Today I went to a talk by David Nadler which was titled “Introduction to Stacks”. The idea was to motivate the definition of a stack and give some examples, without actually defining everything rigorously. Despite having read a fair bit about stacks and going to a couple of talks, I found his presentation quite enlightening for the following reasons:
- It struck a good balance between not drowning the audience in a pool of functorial abstraction, and providing enough intuition to enable one to work out the details if sufficiently motivated.
- It focused on the bare bones essence of the subject, which made it clear that stacks are a general framework that can be applied to many parts of mathematics.
The overarching pedagogical metaphor was based on a typical introduction to manifolds. When introducing manifolds, it is necessary to first explain the local picture which of course is . In addition to being the atom from which all other manifolds are constructed, it is a manifold worth of study in it’s own right. After getting familiar with this example, the next step is to explain how these local pieces can be stitched together to form the atlas of a manifold.
Finally, we can step back and notice that one big advantage of manifolds is that they allow us to talk about spaces with a specific local structure, without having to actually provide a collection of local objects and the manual for gluing them together. This has obvious practical advantages, but the conceptual benefits are arguably greater still. Take for example the sphere. There are many ways to build it from a collection of linear spaces, but intuitively, these constructions should be different facets of the same object. I.e, the notion of a sphere should not depend on the specific way in which we choose to construct it. Manifolds such as the sphere have the important property that they exist as topological spaces independently of their construction, and thus allow us to rigorously compare the various ways in which they can be assembled.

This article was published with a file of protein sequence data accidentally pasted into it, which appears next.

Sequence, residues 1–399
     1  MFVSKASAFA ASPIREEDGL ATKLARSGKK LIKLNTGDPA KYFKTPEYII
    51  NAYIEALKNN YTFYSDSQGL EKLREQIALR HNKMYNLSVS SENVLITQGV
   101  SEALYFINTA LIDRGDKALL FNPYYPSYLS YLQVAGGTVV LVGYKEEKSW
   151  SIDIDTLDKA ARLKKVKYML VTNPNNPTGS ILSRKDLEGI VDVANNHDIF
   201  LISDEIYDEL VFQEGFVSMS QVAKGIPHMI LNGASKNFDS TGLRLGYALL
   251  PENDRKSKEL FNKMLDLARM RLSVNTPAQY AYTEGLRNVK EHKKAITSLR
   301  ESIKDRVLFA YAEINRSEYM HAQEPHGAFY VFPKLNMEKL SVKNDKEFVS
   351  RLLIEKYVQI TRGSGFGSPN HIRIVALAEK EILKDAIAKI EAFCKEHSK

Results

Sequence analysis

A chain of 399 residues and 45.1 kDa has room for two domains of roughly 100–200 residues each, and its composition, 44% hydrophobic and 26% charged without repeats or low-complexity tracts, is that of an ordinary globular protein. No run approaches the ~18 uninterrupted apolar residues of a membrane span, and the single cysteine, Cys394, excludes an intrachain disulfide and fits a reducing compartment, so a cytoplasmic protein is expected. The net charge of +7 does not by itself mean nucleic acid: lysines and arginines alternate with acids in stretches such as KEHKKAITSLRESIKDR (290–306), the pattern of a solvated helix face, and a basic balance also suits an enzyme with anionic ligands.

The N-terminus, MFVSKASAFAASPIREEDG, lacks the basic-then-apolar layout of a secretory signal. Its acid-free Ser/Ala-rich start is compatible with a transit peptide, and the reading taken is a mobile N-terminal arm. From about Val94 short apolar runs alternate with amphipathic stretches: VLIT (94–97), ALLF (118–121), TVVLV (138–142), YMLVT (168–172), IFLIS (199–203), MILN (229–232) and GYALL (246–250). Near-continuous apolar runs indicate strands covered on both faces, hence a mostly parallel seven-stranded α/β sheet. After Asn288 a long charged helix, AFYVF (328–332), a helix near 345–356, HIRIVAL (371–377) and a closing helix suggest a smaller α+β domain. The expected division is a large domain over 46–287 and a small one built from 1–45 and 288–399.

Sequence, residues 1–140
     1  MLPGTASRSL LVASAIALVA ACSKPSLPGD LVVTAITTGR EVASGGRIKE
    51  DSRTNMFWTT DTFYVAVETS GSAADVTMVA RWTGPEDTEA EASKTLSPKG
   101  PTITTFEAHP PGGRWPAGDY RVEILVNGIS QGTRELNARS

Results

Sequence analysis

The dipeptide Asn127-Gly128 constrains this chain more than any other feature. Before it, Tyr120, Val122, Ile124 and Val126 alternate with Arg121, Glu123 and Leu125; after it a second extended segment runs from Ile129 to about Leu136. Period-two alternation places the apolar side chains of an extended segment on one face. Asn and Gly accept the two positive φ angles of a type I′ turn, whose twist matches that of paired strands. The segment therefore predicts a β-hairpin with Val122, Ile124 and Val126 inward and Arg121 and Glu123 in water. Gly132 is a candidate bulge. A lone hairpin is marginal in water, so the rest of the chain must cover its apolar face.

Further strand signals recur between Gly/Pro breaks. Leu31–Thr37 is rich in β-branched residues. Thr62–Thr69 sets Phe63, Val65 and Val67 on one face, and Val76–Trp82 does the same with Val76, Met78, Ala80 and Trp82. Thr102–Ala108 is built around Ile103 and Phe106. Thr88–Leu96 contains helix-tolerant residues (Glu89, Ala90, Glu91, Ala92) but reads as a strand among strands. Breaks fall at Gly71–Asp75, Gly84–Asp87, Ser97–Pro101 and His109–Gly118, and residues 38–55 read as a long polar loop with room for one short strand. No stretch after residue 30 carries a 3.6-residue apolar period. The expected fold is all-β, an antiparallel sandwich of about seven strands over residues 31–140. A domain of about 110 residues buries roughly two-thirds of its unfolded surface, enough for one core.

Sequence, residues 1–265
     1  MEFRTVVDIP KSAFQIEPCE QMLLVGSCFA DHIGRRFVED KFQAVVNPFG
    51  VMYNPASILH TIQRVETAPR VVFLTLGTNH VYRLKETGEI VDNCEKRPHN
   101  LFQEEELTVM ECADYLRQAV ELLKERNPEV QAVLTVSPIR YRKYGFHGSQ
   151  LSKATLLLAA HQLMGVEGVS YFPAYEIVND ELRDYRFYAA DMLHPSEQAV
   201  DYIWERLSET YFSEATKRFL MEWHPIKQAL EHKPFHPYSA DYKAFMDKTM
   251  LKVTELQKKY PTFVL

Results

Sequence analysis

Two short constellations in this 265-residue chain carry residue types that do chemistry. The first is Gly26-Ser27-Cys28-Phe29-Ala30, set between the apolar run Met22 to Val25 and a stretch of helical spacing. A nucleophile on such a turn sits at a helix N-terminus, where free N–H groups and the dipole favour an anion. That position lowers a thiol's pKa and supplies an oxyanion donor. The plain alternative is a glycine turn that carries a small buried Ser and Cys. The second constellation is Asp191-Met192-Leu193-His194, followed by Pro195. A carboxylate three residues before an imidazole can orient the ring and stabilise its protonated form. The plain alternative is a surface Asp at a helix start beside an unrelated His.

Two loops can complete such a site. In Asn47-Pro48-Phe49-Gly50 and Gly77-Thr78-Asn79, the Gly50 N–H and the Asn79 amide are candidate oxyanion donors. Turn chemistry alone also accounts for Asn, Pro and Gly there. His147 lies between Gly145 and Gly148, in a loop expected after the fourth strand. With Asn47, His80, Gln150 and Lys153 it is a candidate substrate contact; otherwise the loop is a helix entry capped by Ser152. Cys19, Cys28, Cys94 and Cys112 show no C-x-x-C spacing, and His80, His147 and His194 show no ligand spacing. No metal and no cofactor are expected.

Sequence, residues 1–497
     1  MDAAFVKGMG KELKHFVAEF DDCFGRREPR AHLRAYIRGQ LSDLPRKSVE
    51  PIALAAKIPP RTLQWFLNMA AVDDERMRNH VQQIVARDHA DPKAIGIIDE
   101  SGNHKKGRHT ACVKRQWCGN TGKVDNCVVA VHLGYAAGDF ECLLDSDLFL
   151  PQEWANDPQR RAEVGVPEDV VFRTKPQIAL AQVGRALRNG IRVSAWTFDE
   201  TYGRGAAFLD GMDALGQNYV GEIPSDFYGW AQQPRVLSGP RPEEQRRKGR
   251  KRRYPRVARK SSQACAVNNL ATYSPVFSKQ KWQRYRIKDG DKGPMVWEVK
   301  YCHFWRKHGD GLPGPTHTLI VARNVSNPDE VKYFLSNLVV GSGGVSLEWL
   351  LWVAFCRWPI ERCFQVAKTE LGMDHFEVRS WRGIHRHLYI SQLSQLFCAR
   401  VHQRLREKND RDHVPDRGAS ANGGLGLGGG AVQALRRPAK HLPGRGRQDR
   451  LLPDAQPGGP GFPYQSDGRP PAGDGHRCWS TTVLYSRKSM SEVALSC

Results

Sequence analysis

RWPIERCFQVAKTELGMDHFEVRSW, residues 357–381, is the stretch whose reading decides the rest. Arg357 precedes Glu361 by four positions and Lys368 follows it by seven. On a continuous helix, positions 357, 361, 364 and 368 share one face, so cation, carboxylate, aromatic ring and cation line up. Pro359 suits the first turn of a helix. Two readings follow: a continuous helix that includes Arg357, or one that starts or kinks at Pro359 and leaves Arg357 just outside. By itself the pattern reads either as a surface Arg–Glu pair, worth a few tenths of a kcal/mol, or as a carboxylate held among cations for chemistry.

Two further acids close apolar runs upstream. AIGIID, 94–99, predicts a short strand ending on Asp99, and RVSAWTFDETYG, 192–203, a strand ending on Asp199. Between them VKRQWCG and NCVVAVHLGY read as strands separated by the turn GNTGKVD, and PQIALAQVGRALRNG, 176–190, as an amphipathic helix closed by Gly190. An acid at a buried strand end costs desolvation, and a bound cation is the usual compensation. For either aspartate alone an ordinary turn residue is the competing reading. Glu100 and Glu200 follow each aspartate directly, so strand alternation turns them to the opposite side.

Each of these steps formally requires many layers of details, but it’s possible to attain an intuitive understanding, and even a working knowledge, with a more parsimonious exposition. For example, it’s easy to get a feeling for without rigorously defining the real line and products of sets. Similarly, it’s possible to explain the gluing of local data and the ambiant topological space without formally defining topological spaces, homeomrphisms and diffeomorphisms.